Basic Science in Clinical Context (BSCC) is the art of delivering and maintaining a working knowledge of basic science applied to the clinical setting.
LITFL BSCC Resources
- Part One with Jake Barlow
- Top 200 Drugs for examination pharmacology
- Physiology Philes
- Pharmacology Photism and Toxicology BSCC
- Chemistry Basics with Tyler DeWitt
- Clinical Anatomy with Andy Neill
- ACEM Part One Viva questions (ED Vivas)
External BSCC resources
- Handwritten Basic Science tutorials
- Anatomy Zone Anatomy educational vodcasts
- One Minute Medical School
The Internet has provided us with myriad opportunities to review the way we look at education. Social media and web 2.0 has increased the level of engagement at a global level and allowed high quality information to be written, read, heard, seen and shared. This sense of global community education is the very essence of the modern day version of asynchronous learning.
Asynchronous learning is a student-centered teaching method that uses online learning resources to facilitate information sharing outside the constraints of time and place among a network of people. Asynchronous learning is based on constructivist theory, a student-centered approach that emphasizes the importance of peer-to-peer interactions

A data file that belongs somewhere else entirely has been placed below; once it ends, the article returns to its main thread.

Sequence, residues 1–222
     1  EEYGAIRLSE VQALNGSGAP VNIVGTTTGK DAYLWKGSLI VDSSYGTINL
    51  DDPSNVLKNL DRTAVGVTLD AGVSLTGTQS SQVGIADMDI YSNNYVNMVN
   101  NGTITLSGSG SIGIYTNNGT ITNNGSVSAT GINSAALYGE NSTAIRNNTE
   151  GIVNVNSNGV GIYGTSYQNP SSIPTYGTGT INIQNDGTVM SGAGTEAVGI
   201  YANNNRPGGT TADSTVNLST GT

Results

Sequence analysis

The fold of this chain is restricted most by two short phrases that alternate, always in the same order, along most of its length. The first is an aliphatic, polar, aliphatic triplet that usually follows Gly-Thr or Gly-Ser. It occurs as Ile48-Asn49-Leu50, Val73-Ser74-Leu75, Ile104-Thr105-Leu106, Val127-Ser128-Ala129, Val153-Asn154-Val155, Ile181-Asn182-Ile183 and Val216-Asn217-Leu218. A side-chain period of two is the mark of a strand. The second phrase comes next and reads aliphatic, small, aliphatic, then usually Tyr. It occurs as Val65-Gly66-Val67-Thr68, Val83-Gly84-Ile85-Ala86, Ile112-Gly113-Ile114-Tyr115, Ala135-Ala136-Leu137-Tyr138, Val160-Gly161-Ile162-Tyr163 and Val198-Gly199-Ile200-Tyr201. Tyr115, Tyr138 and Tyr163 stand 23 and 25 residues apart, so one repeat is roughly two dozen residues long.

We are seeing an increased number of engaged, interested readers who are enjoying learning for the sake of learning. It has led to the development of ‘anyone-anywhere-anytime-anything‘ learning …picking apart the standard educational models.
Working online, and without a syllabus has allowed us to provide a complimentary strategy to solution driven problems (Problem Based Learning) and physical scientific constructivism (contextual learning) and be a little more creative in our educational approach. We have the opportunity to go beyond conventional classroom learning and develop a community based teaching model based on asynchronous contextual online learning. This will allow more time for reflection on complex ideas, which is great for continuous professional development.
in Clinical Context